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Persimmon Cookies

Over the holidays, a coworker (thanks Shari!) brought several bags of persimmons into the office to give away from a tree in her yard that she and her husband had planted at least a decade ago. (For great information on the fruit, see MM Pack's article in Edible Austin.) I'm guessing my coworker's were the Hachiya variety of Asian persimmon.... large and bright orangey-red. I feel like I should have memories of eating persimmons or seeing them in a family member's yard, but I don't. Like a piece of music that sounds so familiar, but you just can't decide if you've really heard it before, the fruit must have been on the peripheral of my childhood, but didn't feature prominently.

My Uncle Bobby relayed this memory from his childhood in Hallettsville in Lavaca County... "We had a wild persimmon tree when we were growing up in the corner of the yard by the motel. The wild ones are very small, but tasty, and I remember eating them when they were ripe. Datu (his mother) hated that tree, because possums loved it, and I can't tell you how many times one of us had to knock one of those varmints out of the tree in the middle of the night to stop the relentless barking from one of our dogs. A very fond memory now looking back on it."

I had in my mind that people make jam or cookies with the fruit, not eat them fresh. I asked my parents what persimmons could be used for and they said "Oh, jam or cookies." An aunt... "jam or cookies." My sister... "jam or cookies." 

There was a persimmon tree growing in my great-grandmother Zielonka's yard in Radcliffe, near Cuero in DeWitt County. When I asked my father if he remembered her making jam, he said his grandparents were "molasses people, not jam people." He does remember her making cookies, though, and they would have been sweetened with molasses, not white sugar. I think there's a blurry line between Czech/German/Polish cooking in the 19th and early 20th and just rural Texas cooking (with a little Southern and Mexican thrown in to muddy the waters, too.) My Dad did a little culinary research, which he's so good at, and found the recipe below in his copy of a Hillje cookbook so that's the one I tried. It does not use molasses, but I might try that next time.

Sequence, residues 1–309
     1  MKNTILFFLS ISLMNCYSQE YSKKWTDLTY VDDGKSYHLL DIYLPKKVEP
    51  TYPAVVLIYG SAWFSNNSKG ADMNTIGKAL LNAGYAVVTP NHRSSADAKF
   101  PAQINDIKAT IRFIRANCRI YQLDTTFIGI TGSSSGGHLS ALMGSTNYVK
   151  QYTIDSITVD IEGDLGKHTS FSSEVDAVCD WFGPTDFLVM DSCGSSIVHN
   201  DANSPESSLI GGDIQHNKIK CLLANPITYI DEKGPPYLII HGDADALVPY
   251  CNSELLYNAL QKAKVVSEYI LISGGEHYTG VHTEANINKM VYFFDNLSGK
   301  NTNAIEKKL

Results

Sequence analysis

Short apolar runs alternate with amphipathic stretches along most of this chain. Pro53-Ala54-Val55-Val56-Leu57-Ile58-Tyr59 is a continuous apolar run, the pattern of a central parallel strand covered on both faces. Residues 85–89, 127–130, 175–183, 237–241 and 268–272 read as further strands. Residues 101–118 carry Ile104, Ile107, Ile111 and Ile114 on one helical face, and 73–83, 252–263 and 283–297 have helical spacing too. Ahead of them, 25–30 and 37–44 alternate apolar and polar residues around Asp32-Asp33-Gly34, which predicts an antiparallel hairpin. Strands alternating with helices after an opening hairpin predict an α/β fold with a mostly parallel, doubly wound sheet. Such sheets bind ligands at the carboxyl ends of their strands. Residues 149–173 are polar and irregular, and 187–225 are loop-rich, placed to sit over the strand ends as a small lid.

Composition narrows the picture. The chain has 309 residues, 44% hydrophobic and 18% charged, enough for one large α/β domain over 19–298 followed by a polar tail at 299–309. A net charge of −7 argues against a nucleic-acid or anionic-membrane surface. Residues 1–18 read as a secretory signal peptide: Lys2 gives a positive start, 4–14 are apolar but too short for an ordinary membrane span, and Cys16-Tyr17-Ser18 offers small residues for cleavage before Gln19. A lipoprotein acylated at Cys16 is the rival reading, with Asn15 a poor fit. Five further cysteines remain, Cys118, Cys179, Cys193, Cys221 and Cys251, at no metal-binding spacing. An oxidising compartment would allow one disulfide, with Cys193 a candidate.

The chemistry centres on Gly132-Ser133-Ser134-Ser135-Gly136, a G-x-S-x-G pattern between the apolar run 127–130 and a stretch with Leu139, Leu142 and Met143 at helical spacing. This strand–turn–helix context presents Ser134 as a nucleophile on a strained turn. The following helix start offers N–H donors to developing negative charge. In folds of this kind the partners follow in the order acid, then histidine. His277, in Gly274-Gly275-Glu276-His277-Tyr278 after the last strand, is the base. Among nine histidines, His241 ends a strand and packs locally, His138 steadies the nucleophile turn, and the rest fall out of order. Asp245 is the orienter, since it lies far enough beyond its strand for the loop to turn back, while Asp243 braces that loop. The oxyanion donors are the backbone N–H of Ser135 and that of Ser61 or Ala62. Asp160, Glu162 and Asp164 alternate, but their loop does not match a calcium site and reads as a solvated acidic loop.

As often happens in my kitchen, the persimmons sat on the counter for a long time, ostensibly to ripen, but mostly because I was-am always busy. By the time I had an evening to bake, they were very, very ripe. I needed only to slice them in half and squeeze the pulp into a bowl, like you'd squeeze the juice from half an orange. 

Grating in the nutmeg.

All ingredients added in and about to be mixed. The pecans and raisins
are sitting on top of the spice and persimmon-colored batter.

Persimmon Cookies
by Mrs. Clem Holub in "A Key to Good Cooking," published by the Hillje Altar Society (Hillje, TX) in the 1950s or 60s

1  cup persimmon pulp
1  1/2  cups sugar
1  egg
1  tsp. salt
1/2  tsp. cinnamon
1/2  tsp. cloves
1/2  tsp. nutmeg
1/2  cup shortening (I used unsalted butter)
2  cups flour
1  tsp. baking soda
1  cup raisins
1  cup nuts (I used Texas pecans, of course)

Mix together well.  Drop on greased cookie sheet and flatten. Bake at 350 degrees about 10 to 12 minutes.

The cookies were wonderful... fragrant, soft and chewy, and reminiscent of pumpkin pie. I've struggled the last few years trying to figure out what MY Christmas cookies would be and these may be a new tradition. My sister and I both feel compelled to make the cookies my mom made when we were children; the cookies that are traditional to us... ginger crinkles, Russian tea cakes, pressed Spritz cookies, mint-flavored pinwheel cookies. But since my mom still makes those things for us, we're pressed to find other things to take to the three family Christmas gatherings where we're all in the same place at the same time bringing cookies. These seem particularly appropriate since persimmons are ripe around the holidays and you can't get much more local than fruit from a neighbor's yard. Well, I could plant a tree in my yard and be uber-local, but I'm renting and don't know where I'll be in 10 years. 

My coworker's crop. Photo by S. Straight.


  1. Yum, I will have to try those. We had a Persimmon tree in the yard when I was growing up, and my mom did occasionally make jelly (though I don't recall every trying it as a kid). Mostly we got in trouble for pelting them against the side of the house and watching them explode. Ah, childhood...

  2. The tree is actually a Fuyu persimmon tree. The cookies were delicious!

  3. Fantastic story about pelting the house! Kids will be kids... eat it or throw it (true from the highchair through the teenage years.)

  4. I found your recipe and it was a big hit! The best cookies ever! Reminded me of cookies my Oma made in Germany (originally from Sudentland).

  5. Thanks, Maria - so glad it worked for you. I still have persimmon pulp in the freezer. You just reminded me to take it out and make another batch. Thanks for reading.


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